In addition to elevated amenity spaces inside multifamily buildings, modern renters want to be able to live, work, and play from their communities. According to a survey by the National Association of Realtors, “walkability” is a top priority when searching for a home and further, roughly half of respondents indicated they’d prefer to live in communities with smaller houses and smaller backyards, but within easy walking distance to local restaurants, retail, offices and arts and cultural institutions. Pair that with the inherent benefits to the localities, mixed-use is benefiting everyone. For example, a recent study found that Fresno, CA could increase its tax base by 45% per acre if it encouraged mixed-use development.

“I think changing demographic demands, together with the pandemic and the subsequent market uncertainty, has really created a unique opportunity for design collaboration,” says Pelej. “Municipalities, especially suburbs, want to see investment in their communities that matches post-pandemic consumer demand, and they see mixed-use development as both the solution and their competitive advantage.”

Pre-pandemic, most of the design discussions at a municipal approval level revolved around materiality and building height. While those aspects are still important, the conversations today are far more dynamic and revolve around energizing downtowns and providing authentic and sustainable experiences for all stakeholders in a community. According to Pelej, “this shift is extremely refreshing because it allows our design professionals to focus more time on urban planning and placemaking which subsequently drives high-quality, cohesive, architecture.”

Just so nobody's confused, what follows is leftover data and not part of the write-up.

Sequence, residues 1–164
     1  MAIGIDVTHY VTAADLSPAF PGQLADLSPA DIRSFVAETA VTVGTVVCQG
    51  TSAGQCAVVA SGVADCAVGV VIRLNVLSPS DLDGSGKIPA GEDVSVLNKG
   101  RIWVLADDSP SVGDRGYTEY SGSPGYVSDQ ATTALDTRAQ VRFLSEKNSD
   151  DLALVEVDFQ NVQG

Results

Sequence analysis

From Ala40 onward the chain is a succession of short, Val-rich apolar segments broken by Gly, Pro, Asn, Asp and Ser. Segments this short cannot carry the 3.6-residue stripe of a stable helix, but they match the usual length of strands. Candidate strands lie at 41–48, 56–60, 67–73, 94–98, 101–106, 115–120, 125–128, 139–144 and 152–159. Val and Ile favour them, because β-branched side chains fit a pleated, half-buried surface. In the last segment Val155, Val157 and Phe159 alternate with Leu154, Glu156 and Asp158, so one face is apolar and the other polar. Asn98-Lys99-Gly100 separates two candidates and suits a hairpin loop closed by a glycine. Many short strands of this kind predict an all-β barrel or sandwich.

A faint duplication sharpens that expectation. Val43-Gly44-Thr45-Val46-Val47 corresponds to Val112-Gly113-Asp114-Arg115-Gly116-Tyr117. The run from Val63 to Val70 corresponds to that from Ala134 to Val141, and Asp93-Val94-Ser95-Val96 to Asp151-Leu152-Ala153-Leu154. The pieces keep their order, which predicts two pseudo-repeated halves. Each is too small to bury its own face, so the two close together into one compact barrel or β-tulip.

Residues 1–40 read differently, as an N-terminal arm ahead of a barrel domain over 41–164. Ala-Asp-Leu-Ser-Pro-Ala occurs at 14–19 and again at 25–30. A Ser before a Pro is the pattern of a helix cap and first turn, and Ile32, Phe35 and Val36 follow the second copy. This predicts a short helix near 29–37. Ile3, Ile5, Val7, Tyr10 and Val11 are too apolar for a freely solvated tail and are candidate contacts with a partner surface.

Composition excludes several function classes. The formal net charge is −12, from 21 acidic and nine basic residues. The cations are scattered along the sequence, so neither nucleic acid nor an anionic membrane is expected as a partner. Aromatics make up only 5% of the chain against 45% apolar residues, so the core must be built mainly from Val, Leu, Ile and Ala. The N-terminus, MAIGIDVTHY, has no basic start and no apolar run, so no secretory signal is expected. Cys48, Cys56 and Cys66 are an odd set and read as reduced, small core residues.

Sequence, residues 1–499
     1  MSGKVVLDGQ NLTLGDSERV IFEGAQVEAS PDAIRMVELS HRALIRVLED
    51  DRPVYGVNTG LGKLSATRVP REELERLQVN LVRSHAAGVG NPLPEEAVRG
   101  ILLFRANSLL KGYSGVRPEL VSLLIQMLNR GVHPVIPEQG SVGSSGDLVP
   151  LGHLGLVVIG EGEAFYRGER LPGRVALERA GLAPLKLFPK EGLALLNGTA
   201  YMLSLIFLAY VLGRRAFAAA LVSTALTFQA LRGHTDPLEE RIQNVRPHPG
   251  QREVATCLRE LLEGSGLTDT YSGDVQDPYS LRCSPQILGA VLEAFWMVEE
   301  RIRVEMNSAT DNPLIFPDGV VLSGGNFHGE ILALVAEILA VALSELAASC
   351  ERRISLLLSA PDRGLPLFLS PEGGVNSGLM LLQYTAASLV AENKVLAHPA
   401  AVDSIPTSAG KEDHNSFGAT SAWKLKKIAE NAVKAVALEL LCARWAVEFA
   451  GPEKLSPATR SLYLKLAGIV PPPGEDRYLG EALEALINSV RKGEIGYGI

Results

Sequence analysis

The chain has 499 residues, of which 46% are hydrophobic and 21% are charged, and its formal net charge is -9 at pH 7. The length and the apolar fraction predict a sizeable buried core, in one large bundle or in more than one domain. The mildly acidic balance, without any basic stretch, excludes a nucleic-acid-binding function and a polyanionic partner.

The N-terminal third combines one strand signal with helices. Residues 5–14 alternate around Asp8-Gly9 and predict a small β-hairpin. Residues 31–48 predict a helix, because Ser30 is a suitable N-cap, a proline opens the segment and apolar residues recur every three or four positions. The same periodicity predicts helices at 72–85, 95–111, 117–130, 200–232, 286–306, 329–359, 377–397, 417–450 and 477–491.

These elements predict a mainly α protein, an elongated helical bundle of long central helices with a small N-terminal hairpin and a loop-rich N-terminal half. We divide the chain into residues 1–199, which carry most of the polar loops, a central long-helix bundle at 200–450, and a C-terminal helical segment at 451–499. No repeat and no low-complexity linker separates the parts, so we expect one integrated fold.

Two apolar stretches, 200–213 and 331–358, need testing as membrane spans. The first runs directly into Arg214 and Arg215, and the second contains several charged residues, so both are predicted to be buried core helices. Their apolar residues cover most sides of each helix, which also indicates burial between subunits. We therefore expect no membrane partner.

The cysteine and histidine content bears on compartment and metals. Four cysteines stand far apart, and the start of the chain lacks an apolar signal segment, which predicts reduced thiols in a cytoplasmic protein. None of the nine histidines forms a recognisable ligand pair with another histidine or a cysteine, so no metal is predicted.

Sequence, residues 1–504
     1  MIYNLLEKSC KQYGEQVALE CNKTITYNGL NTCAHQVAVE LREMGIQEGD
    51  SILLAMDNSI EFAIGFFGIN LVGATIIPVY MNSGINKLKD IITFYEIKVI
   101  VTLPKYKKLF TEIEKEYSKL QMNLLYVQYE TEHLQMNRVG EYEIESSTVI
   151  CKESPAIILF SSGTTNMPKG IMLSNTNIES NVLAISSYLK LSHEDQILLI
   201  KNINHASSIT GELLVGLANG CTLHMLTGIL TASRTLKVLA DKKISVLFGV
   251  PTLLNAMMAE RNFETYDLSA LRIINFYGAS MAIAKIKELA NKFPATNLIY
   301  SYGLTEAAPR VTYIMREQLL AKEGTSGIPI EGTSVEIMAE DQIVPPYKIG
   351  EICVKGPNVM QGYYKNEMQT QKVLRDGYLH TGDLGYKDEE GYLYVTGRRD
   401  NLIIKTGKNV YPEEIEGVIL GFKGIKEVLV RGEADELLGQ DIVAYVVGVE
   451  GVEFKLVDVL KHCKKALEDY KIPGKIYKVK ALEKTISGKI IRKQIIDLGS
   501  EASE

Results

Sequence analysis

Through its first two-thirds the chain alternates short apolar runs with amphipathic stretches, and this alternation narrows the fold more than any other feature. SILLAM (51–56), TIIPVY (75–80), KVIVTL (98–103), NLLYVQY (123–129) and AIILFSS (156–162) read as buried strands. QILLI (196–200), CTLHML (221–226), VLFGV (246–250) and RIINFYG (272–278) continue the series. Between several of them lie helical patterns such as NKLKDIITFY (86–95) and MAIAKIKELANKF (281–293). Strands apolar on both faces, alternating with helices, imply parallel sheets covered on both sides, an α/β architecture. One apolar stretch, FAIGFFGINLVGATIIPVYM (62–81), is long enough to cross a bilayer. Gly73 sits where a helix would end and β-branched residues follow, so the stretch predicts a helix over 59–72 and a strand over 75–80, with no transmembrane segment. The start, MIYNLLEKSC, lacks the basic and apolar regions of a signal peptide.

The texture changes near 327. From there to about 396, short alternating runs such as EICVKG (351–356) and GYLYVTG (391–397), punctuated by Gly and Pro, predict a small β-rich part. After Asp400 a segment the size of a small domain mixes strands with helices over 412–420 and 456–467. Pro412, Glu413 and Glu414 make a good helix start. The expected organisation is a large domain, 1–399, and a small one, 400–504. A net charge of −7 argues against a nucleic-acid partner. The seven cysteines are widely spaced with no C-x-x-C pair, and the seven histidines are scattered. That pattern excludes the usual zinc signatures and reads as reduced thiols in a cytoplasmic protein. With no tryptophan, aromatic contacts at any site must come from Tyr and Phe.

Mixed-used development requires vast construction expertise

The shifting design needs in current multifamily development has required that builders become nimbler and more knowledgeable about the construction of multiple types of products. Over the last 30 years, Focus has built it all, and as an integrated developer and general contractor there are universal benefits for our own developments and those of our third-party clients alike. “Our team reflexively seeks collaboration with ownership and the design team. Regardless of whose project it is,” says Hanner. “We want to understand the pinch points and sacred parts of a project whether that be in cost, schedule, or some design component.” That collaboration endears a level of trust which allows teams to scrutinize any project as a true partner.

This approach doesn’t change for a traditional multifamily project compared to a more contemporary mixed-use project with multiple product types in one place. A recent example of that knowledge transfer comes from a third-party mixed-use tower where the HVAC design did not allow for the desired ceiling height in the office component of the project. According to Hanner, “we had experience with this type of design element based on a recent office tower of our own which we shared with our client. Ultimately, our knowledge of multiple product types and subsequent collaboration with our trade partners developed a solution to a problem which saved the owner from a costly change order and time delay.”

In a market where not only are the financial influences changing every day, but where market demands are also fundamentally shifting, it’s more important than ever to have as much knowledge at the table as possible. At Focus, an integrated model for design, development and construction enables our partners to have the most control over cost, product and ultimately outcomes. To learn more about our approach to commercial mixed-use development or to discuss a project of your own, please reach out today.